The court also asked Mooney a series of questions about whether she fully understood the proceedings, whether she was satisfied with her counsel, whether her counsel had explained the nature of the charges against her, whether she understood those charges, and whether she voluntarily signed the plea agreement. Mooney answered all of those questions in the affirmative. Finally, the court reviewed the rights that Mooney waived through her plea agreement, including, specifically, the right to appeal her conviction and sentence. Mooney confirmed that she both understood and agreed to this waiver of her appeal rights. Accordingly, the court accepted Mooney’s plea, finding that it was knowingly and voluntarily made with a basis in fact encompassing all elements of the § 14944(c) crime.
Before she was sentenced, Mooney moved to withdraw her plea. Although Mooney conceded that the Rule 11 colloquy was properly conducted and comprehensive, she argued that she was rushed into the plea agreement, leaving her attorney without time to thoroughly research the elements of a § 14944(c) offense. But now, Mooney argued, she had discovered that § 14944(c) in fact did not apply to her 2010 and 2011 false statements, so that her guilty plea was to a non-existent criminal offense.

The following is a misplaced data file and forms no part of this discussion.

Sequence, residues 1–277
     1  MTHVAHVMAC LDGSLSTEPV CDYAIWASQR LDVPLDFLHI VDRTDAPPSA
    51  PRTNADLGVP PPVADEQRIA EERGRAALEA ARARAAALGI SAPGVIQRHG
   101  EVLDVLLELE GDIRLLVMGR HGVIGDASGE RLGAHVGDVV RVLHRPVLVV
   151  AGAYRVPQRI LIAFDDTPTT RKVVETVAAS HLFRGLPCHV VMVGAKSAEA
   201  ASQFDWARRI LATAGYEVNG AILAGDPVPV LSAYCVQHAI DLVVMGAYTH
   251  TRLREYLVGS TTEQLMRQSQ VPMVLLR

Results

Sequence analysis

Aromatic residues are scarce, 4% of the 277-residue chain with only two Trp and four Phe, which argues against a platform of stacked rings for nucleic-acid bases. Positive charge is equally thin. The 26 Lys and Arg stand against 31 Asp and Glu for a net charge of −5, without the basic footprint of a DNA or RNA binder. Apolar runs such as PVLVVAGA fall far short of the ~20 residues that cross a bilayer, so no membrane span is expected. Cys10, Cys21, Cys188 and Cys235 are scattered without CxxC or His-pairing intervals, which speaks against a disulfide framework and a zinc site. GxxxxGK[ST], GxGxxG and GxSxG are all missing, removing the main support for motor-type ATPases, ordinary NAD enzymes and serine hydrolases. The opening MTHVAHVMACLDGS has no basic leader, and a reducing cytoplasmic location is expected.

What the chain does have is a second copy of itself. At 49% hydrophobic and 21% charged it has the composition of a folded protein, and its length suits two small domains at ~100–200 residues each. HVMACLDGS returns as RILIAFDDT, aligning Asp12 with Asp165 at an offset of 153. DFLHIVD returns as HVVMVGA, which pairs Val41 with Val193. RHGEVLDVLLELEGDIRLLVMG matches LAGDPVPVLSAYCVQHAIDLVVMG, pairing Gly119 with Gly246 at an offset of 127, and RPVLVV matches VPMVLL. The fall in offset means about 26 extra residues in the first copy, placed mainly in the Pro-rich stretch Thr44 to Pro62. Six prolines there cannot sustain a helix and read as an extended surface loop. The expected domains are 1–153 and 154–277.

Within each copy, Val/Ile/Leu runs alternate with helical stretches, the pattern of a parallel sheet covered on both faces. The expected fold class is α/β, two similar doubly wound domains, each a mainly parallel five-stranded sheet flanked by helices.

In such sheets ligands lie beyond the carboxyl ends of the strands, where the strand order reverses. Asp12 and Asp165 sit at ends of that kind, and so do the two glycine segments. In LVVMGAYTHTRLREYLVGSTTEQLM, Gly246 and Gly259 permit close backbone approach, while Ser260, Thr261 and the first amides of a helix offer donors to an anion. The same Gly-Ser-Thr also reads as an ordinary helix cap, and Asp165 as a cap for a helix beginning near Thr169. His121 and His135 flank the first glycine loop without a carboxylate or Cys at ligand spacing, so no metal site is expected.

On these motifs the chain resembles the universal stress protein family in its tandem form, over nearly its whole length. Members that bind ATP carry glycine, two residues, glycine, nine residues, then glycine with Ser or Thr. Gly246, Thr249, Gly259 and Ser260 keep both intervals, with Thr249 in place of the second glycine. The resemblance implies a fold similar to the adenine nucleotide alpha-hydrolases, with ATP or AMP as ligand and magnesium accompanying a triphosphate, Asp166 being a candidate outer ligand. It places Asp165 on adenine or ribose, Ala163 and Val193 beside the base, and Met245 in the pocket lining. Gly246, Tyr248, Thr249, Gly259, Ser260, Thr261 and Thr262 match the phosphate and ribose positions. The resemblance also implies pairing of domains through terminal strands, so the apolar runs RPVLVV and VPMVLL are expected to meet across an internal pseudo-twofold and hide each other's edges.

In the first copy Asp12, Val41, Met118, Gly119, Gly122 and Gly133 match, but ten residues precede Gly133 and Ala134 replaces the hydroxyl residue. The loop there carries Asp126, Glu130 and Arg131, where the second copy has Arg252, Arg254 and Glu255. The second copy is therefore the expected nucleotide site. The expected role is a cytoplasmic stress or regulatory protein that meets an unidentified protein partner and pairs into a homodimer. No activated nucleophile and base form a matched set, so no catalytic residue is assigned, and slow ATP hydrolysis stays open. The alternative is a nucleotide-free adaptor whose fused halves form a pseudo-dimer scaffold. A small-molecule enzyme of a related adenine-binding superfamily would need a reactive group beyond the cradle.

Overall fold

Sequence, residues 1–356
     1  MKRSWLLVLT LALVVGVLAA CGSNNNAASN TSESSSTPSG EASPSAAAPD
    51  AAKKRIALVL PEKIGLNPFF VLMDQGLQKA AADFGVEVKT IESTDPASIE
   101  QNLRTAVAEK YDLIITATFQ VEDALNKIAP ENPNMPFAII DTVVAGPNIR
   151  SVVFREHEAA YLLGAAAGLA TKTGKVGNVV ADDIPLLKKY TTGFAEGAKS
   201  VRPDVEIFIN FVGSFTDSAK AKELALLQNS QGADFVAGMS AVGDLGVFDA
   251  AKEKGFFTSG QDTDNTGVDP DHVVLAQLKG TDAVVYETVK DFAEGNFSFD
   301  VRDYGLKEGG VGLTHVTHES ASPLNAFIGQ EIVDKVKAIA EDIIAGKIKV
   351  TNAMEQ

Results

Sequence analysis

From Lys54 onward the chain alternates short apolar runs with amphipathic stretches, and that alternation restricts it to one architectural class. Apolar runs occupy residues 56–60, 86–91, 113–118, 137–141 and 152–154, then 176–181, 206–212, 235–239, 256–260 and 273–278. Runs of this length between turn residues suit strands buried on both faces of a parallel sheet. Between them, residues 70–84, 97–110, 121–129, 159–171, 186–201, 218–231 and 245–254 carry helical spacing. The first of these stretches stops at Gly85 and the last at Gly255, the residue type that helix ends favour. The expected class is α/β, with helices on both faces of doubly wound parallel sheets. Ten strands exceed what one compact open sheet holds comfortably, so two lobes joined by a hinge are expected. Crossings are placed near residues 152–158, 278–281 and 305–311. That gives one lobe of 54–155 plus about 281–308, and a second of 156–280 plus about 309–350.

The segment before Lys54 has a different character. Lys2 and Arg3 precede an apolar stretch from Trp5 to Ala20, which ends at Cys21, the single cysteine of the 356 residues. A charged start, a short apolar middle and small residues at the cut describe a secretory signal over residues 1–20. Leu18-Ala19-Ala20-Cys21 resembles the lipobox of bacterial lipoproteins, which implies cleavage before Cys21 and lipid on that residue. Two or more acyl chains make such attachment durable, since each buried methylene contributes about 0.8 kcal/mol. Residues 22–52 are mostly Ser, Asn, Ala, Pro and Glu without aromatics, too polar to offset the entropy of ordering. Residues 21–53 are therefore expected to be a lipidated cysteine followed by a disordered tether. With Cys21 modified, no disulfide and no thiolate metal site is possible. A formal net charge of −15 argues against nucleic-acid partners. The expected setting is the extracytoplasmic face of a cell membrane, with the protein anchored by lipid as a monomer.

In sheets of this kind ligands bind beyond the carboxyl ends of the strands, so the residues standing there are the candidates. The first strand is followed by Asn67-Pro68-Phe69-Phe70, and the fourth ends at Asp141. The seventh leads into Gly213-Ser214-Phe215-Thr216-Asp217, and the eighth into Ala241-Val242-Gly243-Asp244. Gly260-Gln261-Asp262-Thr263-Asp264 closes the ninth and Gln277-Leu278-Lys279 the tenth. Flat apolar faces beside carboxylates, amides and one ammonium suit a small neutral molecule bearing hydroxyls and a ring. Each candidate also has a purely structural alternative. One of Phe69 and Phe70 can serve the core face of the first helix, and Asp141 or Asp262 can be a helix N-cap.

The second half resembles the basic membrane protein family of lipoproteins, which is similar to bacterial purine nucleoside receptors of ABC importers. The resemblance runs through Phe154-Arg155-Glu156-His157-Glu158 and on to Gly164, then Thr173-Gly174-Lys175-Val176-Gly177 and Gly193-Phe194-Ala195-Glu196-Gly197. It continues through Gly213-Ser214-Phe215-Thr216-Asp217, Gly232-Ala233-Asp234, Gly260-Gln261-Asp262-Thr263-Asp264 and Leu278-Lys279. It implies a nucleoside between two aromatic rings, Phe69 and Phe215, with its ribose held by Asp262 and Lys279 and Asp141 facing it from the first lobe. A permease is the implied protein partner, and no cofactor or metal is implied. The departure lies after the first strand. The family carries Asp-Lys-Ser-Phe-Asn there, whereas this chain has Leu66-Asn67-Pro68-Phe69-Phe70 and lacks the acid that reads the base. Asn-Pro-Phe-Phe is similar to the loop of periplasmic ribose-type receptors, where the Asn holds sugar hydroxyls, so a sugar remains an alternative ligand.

Mooney’s argument was as follows: When Mooney made her false statements in 2010 and 2011, the Intercountry Adoption Act required accreditation only of those organizations conducting adoptions under the Hague Convention on Protection of Children and Co-operation in Respect of Intercountry Adoption.4 It followed, Mooney argued, that the prohibition on false statements to accrediting entities laid out in § 14944 applied only to organizations then conducting adoptions in countries that were parties to the Hague Convention. And, Mooney finished, because IAG provided adoption services in 2010 and 2011 only in connection with two countries that were not parties to the Hague Convention and thus did not require accreditation – Ethiopia and Kazakhstan – her false statements to her accrediting entity could not constitute violations of § 14944(c).
After a hearing, the district court denied Mooney’s motion to withdraw her plea, rejecting Mooney’s argument that § 14944(c) did not apply to her false statements. The district court recognized that when Mooney made her false statements, she may not have been required to seek accreditation for IAG. But, the district court explained, “the fact remains that [Mooney] did seek accreditation (regardless of whether it was required).” J.A. 153. And once Mooney applied for accreditation, § 14944 “plainly made it a crime” to make false statements to her accrediting entity in order to influence its decision. Id. The district court thus found no basis to permit Mooney to withdraw her plea, and denied her motion.